Ultimately, it’s not really about being federalist or not. It’s about supporting, and fighting for, a Quebec that protects the rights of its peoples and the environment, recognizes and support indigenous self-determination, eradicates income inequality, improves working conditions, takes language training and education seriously, and properly funds a set of universal social programs. That’s something to rally behind, don’t you think?
Progressive Anglophones should join, build and contribute to Quebec solidaire, not in spite of its view of the national question, but because of it.

Thursday, January 2, 2014

Lettre ouverte sur le "visage découvert" au Québec

22 décembre 2013, à 13h36

Pendant le débat récent sur la laicité, les deux camps étaient pour la plupart definis comme suit: A) Ceux qui sont en faveur de la fameuse "charte des valeurs" (du PQ, pas des québecois-e-s, il est important de noter) et B) Ceux qui sont en faveur d'une état laique, mais qui sont contre plusieurs des mésures les plus extrémes dans la même charte. 

Je suis du camp B, et bien des gens ont écrit trés bien et clairement là-dessus, en expliquant pourquoi la charte, et le débat autour de cela, est très dangereuse pour notre société québecoise. 

Malgré tout ça, il y a un élement ici que je crois que la gauche, les force progressistes et tous ceux qui veulent protéger les droits des minorités et qui veulent s'opposer à l'oppression sous toutes ses formes ont manqué totalement, au détriment de la force de nos arguments et de notre crédibilité et notre légitimité entant que de tels défenseur-e-s. 

Cet élement est l'inclusion dans les arguments du camp B d'un "mais" majeur: malgré notre opposition à la discrimination inhérente dans la charte, beaucoup parmis nous, incluant Québec solidaire et d'autres, disent que d'exiger une visage découverte en fournissant ou en recevant des services publics, sauf dans des cas d'urgence, est acceptable. 

Ce n'est pas acceptable. Point final. 

Je peux penser à au moins cinq raisons pourquoi ce n'est pas acceptable. Il y en a probablement beaucoup plus que ces cinq: 

1) De supporter une telle exigeance est une concession au racisme et à la xénophobie 

Est-ce que c'est parce que nous avons peur des femmes qui portent un niqab? Pourquoi? Je penses que des évènements récents prouvent qu'elles ont beaucoup plus de raisons d'avoir peur de nous (la peur de perdre leur travail, de se faire agresser sur la place publique, par exemple) et pas dans l'autre sens. Il n'y a aucune argumentation qui peut supporter une telle exigence sans utiliser des éléments basés sur la peur. 

2) De supporter une telle éxigence nous place du coté des oppresseurs 

La charte elle-même a déja provoqué des attaques dans les médias contre des femmes avec un visage couvert. De supporter cette exigence nous place du même coté que ceux qui attaquent, comme dans l'example récent des femmes qui travaillent dans un service de garderie privée, qui maintenant ont peur d'aller dehors avec les enfants.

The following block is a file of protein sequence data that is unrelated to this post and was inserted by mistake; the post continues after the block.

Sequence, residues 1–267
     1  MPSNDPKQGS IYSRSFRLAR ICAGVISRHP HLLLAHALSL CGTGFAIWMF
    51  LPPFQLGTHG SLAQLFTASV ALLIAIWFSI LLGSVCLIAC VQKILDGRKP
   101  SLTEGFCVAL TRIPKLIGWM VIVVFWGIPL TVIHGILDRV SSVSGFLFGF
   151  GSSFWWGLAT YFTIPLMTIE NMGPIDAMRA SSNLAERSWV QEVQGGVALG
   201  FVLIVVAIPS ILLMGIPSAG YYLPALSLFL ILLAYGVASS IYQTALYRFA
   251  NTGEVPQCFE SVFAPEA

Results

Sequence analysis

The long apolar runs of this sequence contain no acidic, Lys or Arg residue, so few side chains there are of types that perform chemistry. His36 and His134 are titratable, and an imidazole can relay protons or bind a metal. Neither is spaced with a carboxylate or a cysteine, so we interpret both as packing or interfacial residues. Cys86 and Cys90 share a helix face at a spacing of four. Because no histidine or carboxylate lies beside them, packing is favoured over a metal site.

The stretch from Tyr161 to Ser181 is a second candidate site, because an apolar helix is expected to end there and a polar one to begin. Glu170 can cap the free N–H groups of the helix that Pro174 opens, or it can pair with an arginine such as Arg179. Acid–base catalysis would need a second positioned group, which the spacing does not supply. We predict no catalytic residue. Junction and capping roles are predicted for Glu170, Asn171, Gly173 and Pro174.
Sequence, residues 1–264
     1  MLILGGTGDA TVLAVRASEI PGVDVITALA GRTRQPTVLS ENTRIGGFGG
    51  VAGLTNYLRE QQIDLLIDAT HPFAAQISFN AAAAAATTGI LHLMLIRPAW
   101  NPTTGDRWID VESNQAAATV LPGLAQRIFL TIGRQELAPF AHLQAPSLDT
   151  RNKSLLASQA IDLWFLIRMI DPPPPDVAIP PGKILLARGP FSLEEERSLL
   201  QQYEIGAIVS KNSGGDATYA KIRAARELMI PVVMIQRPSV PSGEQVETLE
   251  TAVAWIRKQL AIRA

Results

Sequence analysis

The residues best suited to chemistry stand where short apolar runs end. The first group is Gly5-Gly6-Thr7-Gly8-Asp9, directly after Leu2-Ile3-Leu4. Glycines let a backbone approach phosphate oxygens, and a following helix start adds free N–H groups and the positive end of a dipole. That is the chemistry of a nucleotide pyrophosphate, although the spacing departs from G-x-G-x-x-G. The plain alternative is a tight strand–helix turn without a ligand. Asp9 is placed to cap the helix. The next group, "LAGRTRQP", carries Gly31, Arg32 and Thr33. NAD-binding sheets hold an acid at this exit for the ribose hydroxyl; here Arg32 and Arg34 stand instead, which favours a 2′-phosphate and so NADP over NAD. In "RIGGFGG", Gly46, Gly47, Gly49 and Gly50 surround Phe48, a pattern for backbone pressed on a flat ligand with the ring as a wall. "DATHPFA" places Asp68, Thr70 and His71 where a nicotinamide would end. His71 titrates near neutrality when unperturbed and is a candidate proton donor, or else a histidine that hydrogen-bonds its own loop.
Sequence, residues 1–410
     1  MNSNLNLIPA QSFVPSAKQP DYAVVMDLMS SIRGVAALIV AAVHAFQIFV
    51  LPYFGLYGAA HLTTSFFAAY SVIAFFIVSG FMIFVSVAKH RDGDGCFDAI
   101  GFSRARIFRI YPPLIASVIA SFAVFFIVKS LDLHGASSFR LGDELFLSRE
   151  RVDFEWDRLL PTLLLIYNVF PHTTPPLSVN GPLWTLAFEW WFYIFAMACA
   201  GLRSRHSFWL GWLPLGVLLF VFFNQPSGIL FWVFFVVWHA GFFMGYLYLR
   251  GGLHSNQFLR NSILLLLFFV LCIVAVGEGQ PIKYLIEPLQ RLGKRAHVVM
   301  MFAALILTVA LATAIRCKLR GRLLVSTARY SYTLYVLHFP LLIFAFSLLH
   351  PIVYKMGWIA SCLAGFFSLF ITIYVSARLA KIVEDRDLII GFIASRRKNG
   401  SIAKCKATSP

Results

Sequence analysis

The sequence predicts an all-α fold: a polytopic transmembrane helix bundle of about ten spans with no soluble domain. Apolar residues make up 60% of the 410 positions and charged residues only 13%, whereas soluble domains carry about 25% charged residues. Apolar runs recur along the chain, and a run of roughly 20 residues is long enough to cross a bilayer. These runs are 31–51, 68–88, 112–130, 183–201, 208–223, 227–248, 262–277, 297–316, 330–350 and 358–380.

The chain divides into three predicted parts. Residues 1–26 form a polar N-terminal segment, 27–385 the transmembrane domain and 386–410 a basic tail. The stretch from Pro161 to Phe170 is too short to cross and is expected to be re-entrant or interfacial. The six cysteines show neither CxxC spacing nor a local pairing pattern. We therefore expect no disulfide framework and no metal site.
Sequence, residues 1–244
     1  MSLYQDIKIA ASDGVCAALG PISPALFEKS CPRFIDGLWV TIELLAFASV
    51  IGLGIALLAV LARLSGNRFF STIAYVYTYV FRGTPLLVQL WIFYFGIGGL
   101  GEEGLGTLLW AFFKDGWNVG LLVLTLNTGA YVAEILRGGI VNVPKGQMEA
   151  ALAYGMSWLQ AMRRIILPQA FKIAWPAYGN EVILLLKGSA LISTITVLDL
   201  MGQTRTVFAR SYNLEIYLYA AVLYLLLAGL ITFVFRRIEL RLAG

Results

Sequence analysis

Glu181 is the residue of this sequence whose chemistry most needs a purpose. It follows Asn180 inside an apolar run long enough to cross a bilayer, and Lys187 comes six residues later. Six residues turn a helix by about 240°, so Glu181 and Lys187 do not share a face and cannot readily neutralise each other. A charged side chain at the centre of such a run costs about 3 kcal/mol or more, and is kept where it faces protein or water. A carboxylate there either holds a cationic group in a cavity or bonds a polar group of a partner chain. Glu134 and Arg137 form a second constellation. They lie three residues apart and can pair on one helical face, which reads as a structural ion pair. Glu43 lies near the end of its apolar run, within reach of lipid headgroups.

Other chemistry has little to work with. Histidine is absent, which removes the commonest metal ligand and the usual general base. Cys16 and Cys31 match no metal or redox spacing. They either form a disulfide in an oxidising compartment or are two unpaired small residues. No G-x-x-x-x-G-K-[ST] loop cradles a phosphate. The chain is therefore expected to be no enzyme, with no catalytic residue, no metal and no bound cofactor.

3) De supporter une telle exigence mine l'argument que d'être contre la charte est une position féministe

Comment le faire, quand dans la même phrase nous disons que nous ne supportons pas la minorité probablement la plus pétite et la moins menaçante dans notre société, et même possiblement la plus vulnerable? 

4) De supporter une telle exigence est fondamentalement oppressif et peut même mettre des vies en danger 

Comment allons-nous décider c'est quoi une urgence? Une femme qui s'inquiéte pour son enfant et qui va à une salle d'urgence dans un hôpital? Est-que nous allons exiger qu'elle enleve son voile jusqu'au moment ou il est déterminé que c'était une vraie urgence? Quelqu'un doit décider, est ce ne sera clairement pas ceux et celles qui sont déja marginalisé-e-s. 

5) Une telle exigence représente un important pas sur un pente glissante 

Nous avons vue ce qui s'est passé en France pendant les dernières décennies. Chaque pas dans la repression des droits d'expression réligieuse rend leur société moins paisible, moins sécure, et moins tolérante.

Le Québec doit choisir un chemin different.

Tuesday, May 11, 2010

Bill 94

Bill 94: coward’s ploy

Several increasingly vocal groups in Quebec want the National Assembly to follow the lead of France, and ban the wearing of religious symbols in public places.

When Jean Charest and his immigration Minister Yolanda James introduced Bill 94 they took advantage of a hot public issue to deflect attention from their attacks on public sector workers, and simultaneously to avoid a debate that Quebec desperately needs to have in public and in the open.

This trend of opinion, strong across all political spectrums and in both urban and rural areas, wants a “charte de laicite” that would circumvent the charter of rights in order to curtail religious freedoms. Many of its proponents admit their position will never pass a charter challenge. Yet they refuse to acknowledge that their position bolsters attitudes against immigrants and minorities.

Instead of challenging this view, Charest and James have attacked another minority. Bill 94 would cut off niqab-wearing Muslim women from public services for reasons of identification, communication, or security. These undefined terms constitute a dangerous slippery slope.

Quebec’s radical secularists should be happy with cowardly bill 94. If it is allowed to pass, it will make their fight—which, whether they admit it or not, is racist—much easier.